She paced the dirty tiled floors of the clinic. Dani had been admitted and rushed to the ICU room - why the hell was this taking so long? She=d sat for awhile, flipped through one of the National Geographic magazines, absently read an article on wolves, then tossed it aside as she stepped up to ask the elderly nurse at the administration desk if there was any word about her friend. In a pinched nasal tone, the nurse told her she'd have to wait, it was too early to tell.
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Urrrgh! Screw waiting...what was going on back there? Risha's hands tore through her dark mane of hair, having removed it's ponytail. An exasperated sigh escaped her lips as she strode up to the nurses station once again."Is there any word on my friend, Danielle St. Blanc yet?"
"Not since you asked ten minutes ago, Miss. Try to calm down and be patient."@
"Patient?" Her brows shot up. "My friend could be dying in there for all I know and I'm supposed to be patient about it?! Screw that!"
The nurse's pinch-faced expression increased its severity. "If you don't change your attitude, I'm going to have to ask you to wait outside-do I make myself clear? The instant Dr. Strand knows any more of the situation, he'll be the first to inform you but right now he's doing all he can for Miss St. Blanc. Throwing a tantrum isn't going to help the situation."
There was that. Still, Risha hated feeling this helpless. She stormed away from the nurses section, back to the waiting room area. Hairs at the back of her neck rose as a wave of anxiety stabbed her in the gut. Retrovirus outbreaks had been known to start just like this. Don't go there yet, her inner voice urged. Too early to jump to conclusions. For all you know Dani could just have a really bad flu or mono virus, and you're getting worked up for nothing. Possibly, but somehow she doubted it was just a bad case of influenza...
That was just it. She didn't know. All the more reason to fear the worst. Risha couldn't just sit and read, or watch the talk show on the tv. She paced a bit more, then absently glanced up at one of the clinic's sponsor posters on the wall. The image depicted a small child, maybe seven, a bored expression on her face, surrounded by a medical care staff of nurses and interns, their smiles a little too plastic to be believable. Nugenica Pharmaceuticals, the bold-faced caption read, Protecting Our Future.
Risha blinked, her eyes clouded over as fragments of memory forced their way to
the surface: "Though a series of battery emissions and exposure, Subject 2112 has proven immune to the effects of radiation and monoxide poisons, t-cell count continues to accelerate as her body adapts and attempts to purge itself of the toxins."
A flash of light - shined in her eyes by a slender, dark-haired woman in a white lab coat, eyes obscured by mirrored lenses. The woman stroked the young girl's hair maternally and turned to the other doctors. "Enough. Do not forget this one contains patterns of my own DNA."
The woman turned to her, aware of the fearful look in the child's eyes. "You survive because you are special, one of few chosen, an evolutionary step in the
race you belong to. I've decided on your name, young one...it shall be Risha, meaning; Sacred One in Hindi. You are the ultimate survivor, gifted beyond measure. Take care never to forget that."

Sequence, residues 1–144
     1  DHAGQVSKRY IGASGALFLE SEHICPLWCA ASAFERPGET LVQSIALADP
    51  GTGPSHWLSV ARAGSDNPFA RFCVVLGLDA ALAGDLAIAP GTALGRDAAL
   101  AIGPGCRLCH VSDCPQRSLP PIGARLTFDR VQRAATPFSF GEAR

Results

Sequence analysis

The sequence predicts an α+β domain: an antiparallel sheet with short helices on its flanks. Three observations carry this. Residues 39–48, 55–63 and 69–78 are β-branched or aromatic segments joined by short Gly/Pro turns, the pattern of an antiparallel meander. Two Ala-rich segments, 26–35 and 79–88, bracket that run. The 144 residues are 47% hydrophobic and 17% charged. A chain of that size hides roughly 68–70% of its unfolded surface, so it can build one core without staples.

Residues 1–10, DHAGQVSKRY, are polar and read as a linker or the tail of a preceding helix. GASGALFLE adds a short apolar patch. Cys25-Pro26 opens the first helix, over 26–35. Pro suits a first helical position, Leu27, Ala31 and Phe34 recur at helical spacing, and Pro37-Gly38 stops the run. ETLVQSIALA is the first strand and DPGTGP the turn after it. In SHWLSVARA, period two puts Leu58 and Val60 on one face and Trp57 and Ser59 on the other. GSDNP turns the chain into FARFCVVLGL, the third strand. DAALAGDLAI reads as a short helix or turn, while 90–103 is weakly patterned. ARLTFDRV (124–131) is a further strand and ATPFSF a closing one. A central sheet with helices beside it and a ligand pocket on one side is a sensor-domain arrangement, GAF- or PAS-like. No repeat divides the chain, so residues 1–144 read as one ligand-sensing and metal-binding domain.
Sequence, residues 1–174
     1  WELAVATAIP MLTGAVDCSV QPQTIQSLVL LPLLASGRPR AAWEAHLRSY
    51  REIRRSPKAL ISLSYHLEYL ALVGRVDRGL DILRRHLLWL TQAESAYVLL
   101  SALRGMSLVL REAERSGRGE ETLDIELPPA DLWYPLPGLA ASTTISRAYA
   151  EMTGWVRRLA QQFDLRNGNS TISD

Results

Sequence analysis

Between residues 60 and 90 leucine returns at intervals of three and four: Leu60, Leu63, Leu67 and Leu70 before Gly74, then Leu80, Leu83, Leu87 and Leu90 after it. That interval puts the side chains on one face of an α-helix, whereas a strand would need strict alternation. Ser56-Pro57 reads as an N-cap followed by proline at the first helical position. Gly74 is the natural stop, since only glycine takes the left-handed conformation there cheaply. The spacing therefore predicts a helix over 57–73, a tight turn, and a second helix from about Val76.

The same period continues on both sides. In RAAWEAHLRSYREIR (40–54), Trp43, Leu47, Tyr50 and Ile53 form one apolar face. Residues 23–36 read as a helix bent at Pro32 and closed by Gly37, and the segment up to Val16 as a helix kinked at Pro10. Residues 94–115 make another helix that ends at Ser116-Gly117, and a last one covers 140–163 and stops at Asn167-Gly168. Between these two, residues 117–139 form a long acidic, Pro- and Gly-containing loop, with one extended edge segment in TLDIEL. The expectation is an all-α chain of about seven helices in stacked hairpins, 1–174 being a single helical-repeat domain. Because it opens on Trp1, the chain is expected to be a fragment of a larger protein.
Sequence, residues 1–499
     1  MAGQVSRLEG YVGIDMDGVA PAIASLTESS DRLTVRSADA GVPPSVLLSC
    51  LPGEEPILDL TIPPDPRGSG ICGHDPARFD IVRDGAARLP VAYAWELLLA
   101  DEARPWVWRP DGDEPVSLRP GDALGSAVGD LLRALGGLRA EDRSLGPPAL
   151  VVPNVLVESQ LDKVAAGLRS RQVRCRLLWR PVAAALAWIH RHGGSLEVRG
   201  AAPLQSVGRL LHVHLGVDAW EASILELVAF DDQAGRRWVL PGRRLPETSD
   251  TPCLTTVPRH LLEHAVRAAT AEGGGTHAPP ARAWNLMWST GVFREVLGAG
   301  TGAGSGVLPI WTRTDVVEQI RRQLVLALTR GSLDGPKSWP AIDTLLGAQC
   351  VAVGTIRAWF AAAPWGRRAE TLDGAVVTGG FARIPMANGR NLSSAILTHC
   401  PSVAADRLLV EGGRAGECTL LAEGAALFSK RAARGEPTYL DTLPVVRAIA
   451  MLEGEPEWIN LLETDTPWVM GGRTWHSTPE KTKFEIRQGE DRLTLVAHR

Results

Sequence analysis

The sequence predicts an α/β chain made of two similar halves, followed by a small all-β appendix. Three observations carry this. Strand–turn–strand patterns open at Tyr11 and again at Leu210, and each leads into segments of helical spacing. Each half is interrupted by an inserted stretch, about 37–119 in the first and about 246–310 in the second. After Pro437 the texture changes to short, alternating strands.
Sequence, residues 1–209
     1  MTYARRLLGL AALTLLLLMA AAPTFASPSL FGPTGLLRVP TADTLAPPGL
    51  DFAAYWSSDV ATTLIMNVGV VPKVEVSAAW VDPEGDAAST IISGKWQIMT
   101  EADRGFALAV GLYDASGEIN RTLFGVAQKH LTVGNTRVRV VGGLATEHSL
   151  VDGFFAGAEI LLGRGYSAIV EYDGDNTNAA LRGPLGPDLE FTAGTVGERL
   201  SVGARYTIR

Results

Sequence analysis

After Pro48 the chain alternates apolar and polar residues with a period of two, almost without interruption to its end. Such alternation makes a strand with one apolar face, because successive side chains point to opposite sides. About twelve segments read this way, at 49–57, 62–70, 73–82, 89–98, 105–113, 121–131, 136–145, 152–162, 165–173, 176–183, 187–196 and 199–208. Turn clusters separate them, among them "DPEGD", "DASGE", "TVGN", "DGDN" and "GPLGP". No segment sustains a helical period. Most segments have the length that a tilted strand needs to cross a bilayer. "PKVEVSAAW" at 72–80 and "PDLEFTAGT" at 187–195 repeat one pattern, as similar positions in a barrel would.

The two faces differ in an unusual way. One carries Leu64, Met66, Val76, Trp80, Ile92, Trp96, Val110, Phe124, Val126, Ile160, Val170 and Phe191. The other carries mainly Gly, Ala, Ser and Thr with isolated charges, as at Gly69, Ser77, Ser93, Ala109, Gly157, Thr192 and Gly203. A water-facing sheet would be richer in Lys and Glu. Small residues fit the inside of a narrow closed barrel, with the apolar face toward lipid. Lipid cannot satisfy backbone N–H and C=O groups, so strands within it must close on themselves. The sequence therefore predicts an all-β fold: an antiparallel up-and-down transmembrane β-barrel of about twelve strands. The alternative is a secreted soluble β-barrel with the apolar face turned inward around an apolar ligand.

The woman let go of the child's hair."Proceed to the next test." She commanded the others. A middle-aged,portly man readied a syringe and took hold of Risha's small arm. A pain-wracked glare flared upon her face as he stuck the needle in her vein and drew blood...
She reeled back in shock, nearly lost her footing and sank down into a plastic chair. Her wiry form trembled uncontrollably as she buried her head in her hands and fought back tears. It had been eleven years ago but felt like yesterday, over and over again...
"What's your problem?" A cynical teenage voice sneered. Startled, Risha lifted up her tear-stained face to meet the glare of a grungily-dressed waif of a girl perhaps a year or so her junior. The girl's disheveled black hair hung in a frizzed mass over her eyes and down the collar of her stained flannel that smelled of alcohol. Her pale hands held a switchblade she was using to clean her nails.
"My problem?" Risha growled. "My problem is I've got a friend in there who's dying for all I know - that good enough for you?"
The street waif shrugged in a world-weary fashion. "People die all the time in this world, friends, parents, lovers, strangers...so the old story goes. You get used to it." She stretched her bony legs in their baggy jeans and sneakers further across the tiled floor, chuckling as the rubber soles made a streaking sound similar to tires squealing.
"I don't just get used to it." Risha shot back, her frame bolt upright. "So why
are you here- I thought the day shelter was open by now."
"You don't know a damn thing about me!" The shabbily dressed girl sprang to her feet and leveled the blade at Risha. "So don't be coppin' judgement when you're on the wrong end of a..."
Pure reflex memory. Risha was on her feet and seized hold of the girl's bony wrist, her neurosynapses erupting in rapid fire as her other hand grasped the girl's forearm, twisted it round with minimal force. The switchblade clattered to the floor as Risha stepped in close and leveled her gaze at the slightly
shorter girl. "Don't do that again." She warned, tone simple and direct as she released the girl and stepped back slightly.
Arliss blinked, stunned. "Freak!" She spat at Risha, retrieved her switchblade with a sneer, and stormed out.
Risha winced. Adrenalin still surged through her system, accompanied by a dazed flood of neural activity. Her reaction had been instinctive, almost primal, and she sensed that a part of her would have not stopped until whatever measures were taken to halt the situation. An icy chill shot down her spine as she sank back down into the chair.